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Crossness Sewage Pumping Station

Relevance: 52%      Posted on: 21st September 2015

Think London, think open sewers, think Joseph Bazalgette - and that’s where Crossness Pumping Station comes in! It officially opened in 1865 and originally called the Southern Outfall Works. The Great Stink of 1858 was the breaking point for parliament and action was taken. Cholera reached England in 1832 and it took them 10 years to identify the cause as contaminated drinking water and even longer to deal with the problem effectively. Bazalgette put forward the best poo-plan and they embarked upon the herculean task. The plan was to move the effluent eastwards along a series of interconnecting sewers that…

Tees Cottage Pumping Station

Relevance: 52%      Posted on: 12th November 2016

Tees Cottage Pumping Station has two completely original pumping engines in full working order. It is a Victorian waterworks in Darlington and a Scheduled Ancient Monument. Tees Cottage Pumping Station, in the North East of England, began supplying water to Darlington in 1849. The engines are housed in their own purpose built buildings, dating from 1847 to 1901, in themselves superb examples of Victorian architecture. The engines and buildings are carefully maintained, preserved and run by volunteers, supported by the site owner, Northumbrian Water. The engines are displayed running under their pumping load on about four weekends each year. One engine…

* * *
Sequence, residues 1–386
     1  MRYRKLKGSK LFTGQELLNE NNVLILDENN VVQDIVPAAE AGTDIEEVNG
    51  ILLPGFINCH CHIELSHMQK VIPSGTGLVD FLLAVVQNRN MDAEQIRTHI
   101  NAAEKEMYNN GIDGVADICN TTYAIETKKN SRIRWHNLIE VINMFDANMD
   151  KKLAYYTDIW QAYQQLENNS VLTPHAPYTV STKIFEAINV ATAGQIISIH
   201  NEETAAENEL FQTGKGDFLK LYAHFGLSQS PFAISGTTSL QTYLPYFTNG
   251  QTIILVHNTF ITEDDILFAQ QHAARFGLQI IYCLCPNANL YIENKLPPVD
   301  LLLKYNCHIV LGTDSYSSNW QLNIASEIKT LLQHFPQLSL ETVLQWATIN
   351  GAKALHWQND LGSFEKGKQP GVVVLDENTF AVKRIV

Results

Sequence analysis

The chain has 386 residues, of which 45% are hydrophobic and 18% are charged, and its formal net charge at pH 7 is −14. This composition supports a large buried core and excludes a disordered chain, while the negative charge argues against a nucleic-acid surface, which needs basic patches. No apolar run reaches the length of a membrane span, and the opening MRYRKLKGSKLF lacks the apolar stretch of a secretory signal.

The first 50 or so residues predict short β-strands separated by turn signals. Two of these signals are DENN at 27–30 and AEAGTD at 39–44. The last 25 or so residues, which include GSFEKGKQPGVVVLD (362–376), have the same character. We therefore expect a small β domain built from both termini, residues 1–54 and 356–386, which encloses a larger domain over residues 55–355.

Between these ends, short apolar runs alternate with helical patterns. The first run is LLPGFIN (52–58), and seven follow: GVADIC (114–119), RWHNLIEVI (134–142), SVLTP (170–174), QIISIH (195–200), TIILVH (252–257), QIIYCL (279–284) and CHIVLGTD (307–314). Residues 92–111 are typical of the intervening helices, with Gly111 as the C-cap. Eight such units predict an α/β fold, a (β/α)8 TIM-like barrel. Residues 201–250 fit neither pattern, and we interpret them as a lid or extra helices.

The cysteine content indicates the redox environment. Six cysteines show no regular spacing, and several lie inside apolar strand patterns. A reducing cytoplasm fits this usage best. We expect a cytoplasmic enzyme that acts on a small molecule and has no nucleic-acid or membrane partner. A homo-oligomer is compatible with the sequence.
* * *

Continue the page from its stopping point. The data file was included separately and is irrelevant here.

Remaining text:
Protect Ashburton Station and Track Bed

Relevance: 51%      Posted on: 12th September 2015

Ashburton railway station finally closed in 1971, it was the terminus of a branch line of the GWR from Totnes. It sports a rare example of the Brunel-style Overall Roof, which is of an iconic and attractive design and spans the track and platforms. This unique terminus building was built before 1872 when the line from Totnes to Ashburton was opened. At some point it became a garage (Station Garage), which could be closed in the future and the building and the area around it redeveloped. It is not a listed building, but the assemblage of railway structures as a…

Wanlockhead Beam Engine

Relevance: 50%      Posted on: 30th November 2015

Built circa 1870, the Wanlockhead Beam Engine is the only water-bucket pumping engine still in situ in the UK today. The Straitsteps Lead Mine was opened up in circa 1675 by Sir James Stampfield. The hills here also contained gold! It was a vertical shaft descending to the lead vein, which was then followed by horizontal tunnels. Water was a persistent problem and previous solutions were, the hand powered rag pumps and water wheel powered pumping engines. Thankfully, the water-bucket and beam engine pumps arrived in this area as early as 1745. This 1870 pump was powered by the simple…

Hetty Pit Engine

Relevance: 46%      Posted on: 28th October 2016

The Hetty Pit at the Ty Mawr Colliery retains its original steam winding engine. The Barker & Cope of Kidsgrove, Staffordshire, steam winder engine dates from 1875. The Hetty Pit Engine was named after the step daughter of the chairman of the company, Miss Hetty Snow. However, this site had been worked before for its coal and was known as Gyfeillion Pit, Ty Mawr and later (during the 1870s) passed into the hands of the Great Western Colliery Company. The original Ty Mawr Colliery shaft was sunk in 1848 by Evan Hopkins and there on the name applied to the…

Bower Yard Lime Kilns

Relevance: 43%      Posted on: 19th November 2016